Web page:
MGUS may be linked “only” to some serious diseases…

I am slowly going through my still unopened Science Daily updates…the August 27 issue (see: contained a title that caught my interest: “Common blood disorder may not be linked to as many serious diseases.” The common blood disorder turns out to be MGUS.

In a nutshell, doctors have long been linking MGUS to more diseases than “just” multiple myeloma, amyloidosis and Waldenström macroglobulinemia. To my surprise, I discovered that there is a list of 75 other MGUS-associated diseases out there. 75! This list will almost certainly undergo some changes now…after the publication of the August 2009 Mayo Clinic Proceedings, which contain an interesting patient screening study declaring that the above-mentioned association is likely coincidental, in most cases, at least.

After reading the Science Daily summary, I went to have a look at the study (full study: Do you know that one of the MGUS-linked diseases is urticaria?! Eeek, just writing that word makes me itch all over!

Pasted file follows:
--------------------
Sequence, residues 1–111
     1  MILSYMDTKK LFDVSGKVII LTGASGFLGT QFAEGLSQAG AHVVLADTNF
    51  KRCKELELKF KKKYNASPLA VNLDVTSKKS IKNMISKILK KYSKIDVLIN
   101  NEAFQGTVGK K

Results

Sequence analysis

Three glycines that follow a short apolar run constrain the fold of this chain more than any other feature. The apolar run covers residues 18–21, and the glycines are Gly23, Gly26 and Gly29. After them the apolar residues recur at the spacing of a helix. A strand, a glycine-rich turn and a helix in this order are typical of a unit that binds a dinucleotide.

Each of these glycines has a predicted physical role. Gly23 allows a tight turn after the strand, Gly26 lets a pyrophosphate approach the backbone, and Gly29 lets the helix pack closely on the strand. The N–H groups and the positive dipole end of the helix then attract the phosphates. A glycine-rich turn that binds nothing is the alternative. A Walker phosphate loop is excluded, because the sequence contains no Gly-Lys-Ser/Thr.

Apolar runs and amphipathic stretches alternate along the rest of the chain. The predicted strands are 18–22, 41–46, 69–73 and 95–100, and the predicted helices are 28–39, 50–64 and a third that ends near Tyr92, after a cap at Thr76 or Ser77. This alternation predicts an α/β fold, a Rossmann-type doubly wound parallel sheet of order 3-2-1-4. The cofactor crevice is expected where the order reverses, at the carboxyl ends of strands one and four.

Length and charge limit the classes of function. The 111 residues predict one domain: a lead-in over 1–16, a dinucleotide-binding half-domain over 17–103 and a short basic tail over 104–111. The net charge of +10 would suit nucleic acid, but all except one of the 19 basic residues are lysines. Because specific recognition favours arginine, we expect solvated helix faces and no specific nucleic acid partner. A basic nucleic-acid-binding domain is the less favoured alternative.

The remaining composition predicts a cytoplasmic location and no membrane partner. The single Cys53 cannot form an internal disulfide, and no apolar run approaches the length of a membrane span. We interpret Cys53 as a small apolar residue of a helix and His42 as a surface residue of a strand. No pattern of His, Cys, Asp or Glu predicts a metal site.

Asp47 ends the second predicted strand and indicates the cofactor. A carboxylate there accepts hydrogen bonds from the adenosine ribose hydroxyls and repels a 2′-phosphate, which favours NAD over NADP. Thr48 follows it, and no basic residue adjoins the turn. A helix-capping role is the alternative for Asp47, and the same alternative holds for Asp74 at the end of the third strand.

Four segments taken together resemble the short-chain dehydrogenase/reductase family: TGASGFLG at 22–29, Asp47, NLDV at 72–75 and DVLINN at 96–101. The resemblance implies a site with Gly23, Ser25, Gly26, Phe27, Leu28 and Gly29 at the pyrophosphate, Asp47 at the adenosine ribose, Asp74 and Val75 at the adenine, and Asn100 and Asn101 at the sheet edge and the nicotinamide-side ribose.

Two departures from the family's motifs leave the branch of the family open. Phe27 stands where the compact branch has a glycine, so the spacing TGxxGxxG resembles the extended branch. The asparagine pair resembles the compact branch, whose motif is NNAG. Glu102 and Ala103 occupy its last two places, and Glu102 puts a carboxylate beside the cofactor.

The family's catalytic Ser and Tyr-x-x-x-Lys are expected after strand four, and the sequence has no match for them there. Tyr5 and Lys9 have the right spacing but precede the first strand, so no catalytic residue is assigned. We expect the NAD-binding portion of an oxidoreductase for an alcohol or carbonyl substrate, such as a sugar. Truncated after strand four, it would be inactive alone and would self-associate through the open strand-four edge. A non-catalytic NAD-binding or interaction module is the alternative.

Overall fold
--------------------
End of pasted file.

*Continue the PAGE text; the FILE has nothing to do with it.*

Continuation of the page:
Well, even though the full study is available online (above link), I thought I would take the time to go over a few points. Let’s see. The researchers confirmed that disorders of the bone, such as hip and vertebral fractures, osteoporosis, and hypercalcemia, are all significantly increased with MGUS, even in the absence of progression to multiple myeloma. We also confirmed known associations of MGUS with chronic inflammatory demyelinating neuropathy […] and autonomic neuropathy.

But they also found no significant association with MGUS in the 61 remaining disease diagnoses, an indication that most of these previously reported associations are either coincidental or clinically insignificant. So, in this patient population, 61 out of 75 diseases cannot be linked to MGUS. Interesting. Incidentally, see Table 2 ( for a complete list of diseases…you might be surprised by some of ’em…I was!

Also, have a look at Table 3 ( for a list of 20 new MGUS-associated diseases, including acute depression (!!!)…

In the Discussion part, we are also told that the frequency of osteoporosis and bone fractures is increased in patients with MGUS, independent of progression to myeloma. Eh.

Further on: The fact that we did not demonstrate a significant disease association with MGUS in such a large sample size is of major importance because it implies that these associations are likely not true associations, but rather coincidental ones. This has important therapeutic implications, because in some settings therapy has been administered to eradicate the monoclonal protein in the hopes that the associated disorder would be alleviated. Our study suggests that caution is needed.

Caution…indeed, I couldn’t agree more!

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